Looking to build on the success of their respective 2019 efforts are Tyler Higbee, Austin Hooper, and Jared Cook. Despite a notably small sample size, fans of the virtual game remain enamored with Higbee’s December to remember (8.6 receptions and 104.4 yards per game from Weeks 13-17), selecting him in the seventh round (just behind the aforementioned Henry). About a round later (near-ish to Gronk) perennial late-bloomer Jared Cook is often rostered. Attached to a high-octane offense and with little competition for targets, the 33-year-old boasts the highest floor of available late(r) round prospects. Rounding things out is Austin Hooper (11.4) who smashed in Atlanta, posting back-to-back TE6 fantasy finishes. Now in Cleveland, however, he’ll have to contend with an abbreviated offseason, a decidedly more run-focused scheme, and crowded stable of pass-catchers.
At the top of the double-digit rounds is where the NEXT BIG THING is likely to be found. Consider this the tier of burgeoning breakouts …
The favorite to “pop” among this next grouping is Hayden Hurst (11.5), who is expected to fill the role left by the previously mentioned Austin Hooper. While the former first-round draft pick remains unproven, his situation is brimming with undeniable upside. Close behind Hurst is Mike Gesicki (13.2), another hopeful from the 2018 draft class. Consistently deployed out of the slot and utilized more as a receiver than a traditional tight end in 2019, Gesicki posted top-seven numbers in route participation (71.6%) and total targets (nearly six per game).
Optimism for young players continues in Round 13 with former college teammates Noah Fant and T.J. Hockenson. Whether it’s Fant (13.3) emerging as a super-charged security blanket for Drew Lock (the two hooked up for 10-188-1 from Weeks 13-17 after Lock was named the starter), or Hockenson (13.4) staying healthy and making good on his red zone opportunities (he amassed five RZ looks over the first month of the season before being concussed in Week 4), both have promise.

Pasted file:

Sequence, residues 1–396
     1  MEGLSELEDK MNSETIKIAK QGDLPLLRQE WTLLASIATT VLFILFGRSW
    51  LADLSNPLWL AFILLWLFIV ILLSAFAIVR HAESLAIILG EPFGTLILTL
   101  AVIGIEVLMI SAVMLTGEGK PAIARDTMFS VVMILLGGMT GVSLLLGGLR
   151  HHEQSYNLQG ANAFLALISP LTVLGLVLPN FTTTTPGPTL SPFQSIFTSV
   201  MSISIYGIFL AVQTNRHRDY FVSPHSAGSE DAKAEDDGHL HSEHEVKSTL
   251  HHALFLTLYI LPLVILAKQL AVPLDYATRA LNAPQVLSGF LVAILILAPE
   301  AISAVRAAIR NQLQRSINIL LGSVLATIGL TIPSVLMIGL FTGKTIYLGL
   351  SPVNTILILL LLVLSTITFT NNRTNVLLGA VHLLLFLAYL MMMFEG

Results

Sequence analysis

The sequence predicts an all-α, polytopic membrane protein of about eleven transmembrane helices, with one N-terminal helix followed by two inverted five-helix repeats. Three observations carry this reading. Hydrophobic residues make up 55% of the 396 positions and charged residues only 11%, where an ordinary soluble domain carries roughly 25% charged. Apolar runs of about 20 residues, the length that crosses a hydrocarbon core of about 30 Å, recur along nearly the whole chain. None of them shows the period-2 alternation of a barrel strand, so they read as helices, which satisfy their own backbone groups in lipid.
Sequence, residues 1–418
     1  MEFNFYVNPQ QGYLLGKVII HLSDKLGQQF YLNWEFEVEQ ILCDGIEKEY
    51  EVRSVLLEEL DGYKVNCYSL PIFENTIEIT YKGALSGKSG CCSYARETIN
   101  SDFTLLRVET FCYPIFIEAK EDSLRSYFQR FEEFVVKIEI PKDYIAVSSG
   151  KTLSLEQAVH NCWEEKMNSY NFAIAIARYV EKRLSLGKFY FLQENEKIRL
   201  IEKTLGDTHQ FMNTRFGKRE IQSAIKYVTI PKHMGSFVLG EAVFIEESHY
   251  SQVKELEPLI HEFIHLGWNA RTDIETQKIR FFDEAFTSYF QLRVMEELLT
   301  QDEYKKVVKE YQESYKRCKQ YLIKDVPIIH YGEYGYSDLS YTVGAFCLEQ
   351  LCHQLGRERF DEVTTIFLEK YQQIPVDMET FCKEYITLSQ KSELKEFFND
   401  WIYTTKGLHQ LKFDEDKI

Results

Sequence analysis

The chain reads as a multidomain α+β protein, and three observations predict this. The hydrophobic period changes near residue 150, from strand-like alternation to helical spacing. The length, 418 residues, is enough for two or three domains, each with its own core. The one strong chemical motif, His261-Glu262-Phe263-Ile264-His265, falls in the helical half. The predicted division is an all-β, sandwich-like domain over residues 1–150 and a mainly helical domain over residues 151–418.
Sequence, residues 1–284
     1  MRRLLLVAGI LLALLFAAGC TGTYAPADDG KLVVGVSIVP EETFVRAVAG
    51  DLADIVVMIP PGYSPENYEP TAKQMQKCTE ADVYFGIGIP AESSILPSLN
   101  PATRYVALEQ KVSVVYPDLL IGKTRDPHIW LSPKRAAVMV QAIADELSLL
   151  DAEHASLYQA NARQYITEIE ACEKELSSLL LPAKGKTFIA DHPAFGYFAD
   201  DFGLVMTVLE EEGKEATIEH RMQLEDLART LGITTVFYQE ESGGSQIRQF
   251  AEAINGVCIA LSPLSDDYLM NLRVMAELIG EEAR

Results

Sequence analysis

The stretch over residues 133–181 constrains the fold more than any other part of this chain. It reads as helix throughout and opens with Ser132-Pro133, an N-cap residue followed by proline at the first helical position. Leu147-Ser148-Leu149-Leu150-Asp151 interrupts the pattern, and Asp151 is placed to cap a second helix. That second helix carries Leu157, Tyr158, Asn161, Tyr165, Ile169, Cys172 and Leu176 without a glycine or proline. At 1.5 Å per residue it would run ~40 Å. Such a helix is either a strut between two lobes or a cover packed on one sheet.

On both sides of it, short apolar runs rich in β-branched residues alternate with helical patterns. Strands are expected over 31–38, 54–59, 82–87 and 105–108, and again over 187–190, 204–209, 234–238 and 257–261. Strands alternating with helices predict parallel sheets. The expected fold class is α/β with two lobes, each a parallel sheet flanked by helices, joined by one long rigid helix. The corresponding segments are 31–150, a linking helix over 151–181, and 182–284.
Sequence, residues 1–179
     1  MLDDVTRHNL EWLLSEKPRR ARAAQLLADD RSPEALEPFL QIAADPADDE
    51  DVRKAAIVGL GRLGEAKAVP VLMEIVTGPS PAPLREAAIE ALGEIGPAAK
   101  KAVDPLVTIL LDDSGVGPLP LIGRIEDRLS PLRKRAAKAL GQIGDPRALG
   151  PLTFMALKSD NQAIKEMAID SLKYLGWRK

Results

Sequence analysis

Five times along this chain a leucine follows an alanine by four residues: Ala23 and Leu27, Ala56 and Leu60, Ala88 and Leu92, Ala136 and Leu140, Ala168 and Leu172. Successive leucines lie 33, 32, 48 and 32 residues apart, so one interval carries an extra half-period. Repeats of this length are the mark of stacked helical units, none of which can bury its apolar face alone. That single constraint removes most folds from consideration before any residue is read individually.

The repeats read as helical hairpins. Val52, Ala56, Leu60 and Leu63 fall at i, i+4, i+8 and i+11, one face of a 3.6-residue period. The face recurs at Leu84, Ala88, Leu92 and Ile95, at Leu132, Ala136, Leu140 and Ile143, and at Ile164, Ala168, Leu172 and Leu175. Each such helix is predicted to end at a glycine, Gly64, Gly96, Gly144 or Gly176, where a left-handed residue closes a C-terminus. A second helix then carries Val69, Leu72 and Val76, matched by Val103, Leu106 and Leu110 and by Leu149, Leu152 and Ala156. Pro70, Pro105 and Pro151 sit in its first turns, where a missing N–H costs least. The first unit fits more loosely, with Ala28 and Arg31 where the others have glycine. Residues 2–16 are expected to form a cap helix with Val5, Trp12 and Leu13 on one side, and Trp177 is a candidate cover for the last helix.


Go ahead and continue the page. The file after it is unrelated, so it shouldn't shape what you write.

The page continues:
Closing out the last of the upside plays in Round 13, Jonnu Smith and O.J. Howard are both players with intriguing ability but situations that could potentially cap their usage. Comped to Delanie Walker throughout the scouting process, Jonnu Smith enters 2020 as the Titans undisputed TE1. After Walker went down in Week 7, Smith’s routes run per week jumped by 47 percent (16.6/gm) and he showed off compelling YAC ability (277 yards, TE8). In Tennessee’s run-focused offense, however, his opportunities are limited. (Oh, and also, the Howard truthers continue their #taeklock.)
Finally, in the 14th round, darts are thrown at the remaining seven or so stragglers. Some managers are intrigued by well-positioned but far from flashy vets like Jack Doyle, Eric Ebron, and Blake Jarwin. Others believe in the post-hype appeal of Chris Herndon or that Ian Thomas is due for his glow-up. Some are even charmed by Dallas Goedert’s spike in snap percentage (70%) as well as Philly’s increased usage of two-TE sets. Regardless of the reasons, FF enthusiasts waiting on the position appear to have embraced the volatility of it and understand the concept of streaming.
Prior to 2020 and the upsurge of talent outlined above, TE strategy was generally limited to two schools of thought. The first: De-prioritizing the position, instead choosing to focus on RB in the early rounds and then swing to TE late in drafts. Since most leagues only start one TE per team, this allowed managers to weigh the matchups and “stream” players from week-to-week.
Others, however, desired an edge at the position and preferred to lean into the consistent production (theoretically) provided by elite/early round talent.